I hope it’s no surprise to any of you that I’m a big fan of Heroku. If you’re not already familiar with the service, it’s probably the most popular, well designed, oldest, and best all around platform-as-a-service company.
Heroku hosts all sorts of applications (large and small), and does so in a best practices way.
But… Enough messing around. Let’s get into this.
In this series we’re going to build a full, live, Heroku addon together. I’ll walk you through each step of the process, I’ll show you all the code, and I’ll explain things every step of the way.
If you’ve ever wanted to build a Heroku addon (or learn more about how they work), this series is for you.
Now, throughout this series I’ll be writing my code in Node.js, but the principles apply regardless of what language you’re using. My goal is to make this a fun, informative, and practical series that everyone can benefit from.
A Quick Review of Addons
One of my favorite parts of Heroku is… Addons!
The core Heroku platform is very simple:
- You put your code into a Git repository.
- You tell Heroku what commands to run to start your project code (usually your web server).
- You tell Heroku what environment variables to set to store secret information (API keys, etc.).
- You push your Git repository to Heroku, and they deploy your app and run it on as many servers (dynos) as you want!
Well, what happens if your project needs access to additional resources to run? Databases? Cache servers? Queueing servers? Etc?
This is what addons are for: providing additional infrastructure / services for your application to use.
You can view a list of all available addons here: addons.heroku.com (go ahead and look, there are quite a few great ones!).
Addons are awesome because they allow Heroku developers to:
- Instantly provision infrastructure / additional services.
- Scale these services up and down instantly.
- Pay for services with their Heroku account (this means addon usage is pro-rated to the second) – if you spin up a paid addon service for 10 seconds, you’ll pay for exactly 10 seconds worth of usage.
Addons are, in my opinion, the most optimal and efficient way of using and integrating with infrastructure components.
And the best part? Anyone can make an addon.
Heroku provides an API for addon providers – you implement their API spec, and you can get listed in the addon marketplace.
Which brings us to the next section:
Let’s Build an Addon
Over the past several years, I’ve actually built and worked on several Heroku addons. Some are in the addon marketplace right now!
Building addons is quite simple. And fun! So I figured why not build one out in the open?
Through this series I’ll be walking you through the process of building my new Heroku addon: Vanity (don’t bother checking out the domain, there’s nothing there yet!).
The idea for this addon is simple: I want to create an addon which counts all my Heroku request traffic: and that’s basically it. I love vanity metrics, and there’s nothing quite as satisfying (to me at least) as seeing how many requests my application has serviced over a given time period.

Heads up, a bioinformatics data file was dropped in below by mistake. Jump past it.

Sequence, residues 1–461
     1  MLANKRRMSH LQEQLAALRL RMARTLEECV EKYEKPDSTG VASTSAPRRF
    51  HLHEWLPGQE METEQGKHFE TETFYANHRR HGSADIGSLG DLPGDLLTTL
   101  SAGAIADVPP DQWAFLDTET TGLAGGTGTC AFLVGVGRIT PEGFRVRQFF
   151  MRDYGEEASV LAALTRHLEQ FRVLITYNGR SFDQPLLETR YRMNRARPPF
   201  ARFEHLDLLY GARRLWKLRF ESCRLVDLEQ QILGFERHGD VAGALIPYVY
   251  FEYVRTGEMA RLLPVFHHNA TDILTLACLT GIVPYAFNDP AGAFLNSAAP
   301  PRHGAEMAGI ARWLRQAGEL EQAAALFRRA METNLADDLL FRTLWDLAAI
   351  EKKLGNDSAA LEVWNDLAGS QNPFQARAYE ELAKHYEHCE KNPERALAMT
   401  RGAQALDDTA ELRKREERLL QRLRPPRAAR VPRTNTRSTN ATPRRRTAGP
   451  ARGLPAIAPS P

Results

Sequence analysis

Furthermore, I’d like to expose a simple API for developers, so they can pragmatically access this information as well.
The main plan is to build this addon in a few phases:
Planning. The first thing to do (and what I’ll cover in the next article) is to lay out everything that needs to be built. We’ll make some mockups, we’ll write down exactly what we’re going to make, and we’ll cover some overall planning stuff (how much will it cost?), etc.
Research. In the second article, I’ll get into the research aspect. In this part I’ll cover all the documentation / links you need to build an addon, and discuss how this thing will work in great detail.
Implementing the Addon API. In this article, we’ll actually start building the addon itself. The first part to building an addon is being able to integrate with Heroku’s Addon API – so that’s what we’ll do. By the end of this article we’ll be able to create, upgrade, and remove Addon instances.
Implementing the Counting. In this article, we’ll write our core addon logic, which stores request counts for each Addon user.
Implementing a Dashboard. In this article, we’ll actually build a Heroku dashboard page for our addon, and learn how to make it accessible via Heroku SSO. This dashboard will let users view their request counts, and get their vanity metrics in a nice format.
Implementing a CLI Plugin. In this article we’ll build a Heroku CLI plugin, so developers can access their request count information via the command line!
Launching. In this article I’ll talk about launching the addon, and how the process works.
Growing. In this article I’ll talk about growing the addon, and scaling it to support demand.
Review. Finally, I’ll cover how the entire process went from start to finish. We’ll look at everything: how the addon is performing, how many users it has, how much revenue it’s generated (if any), etc.
Overall, it should be quite fun.
So… Stay tuned! More to come =)
UPDATE: The next part of this series is now available! You can find it here.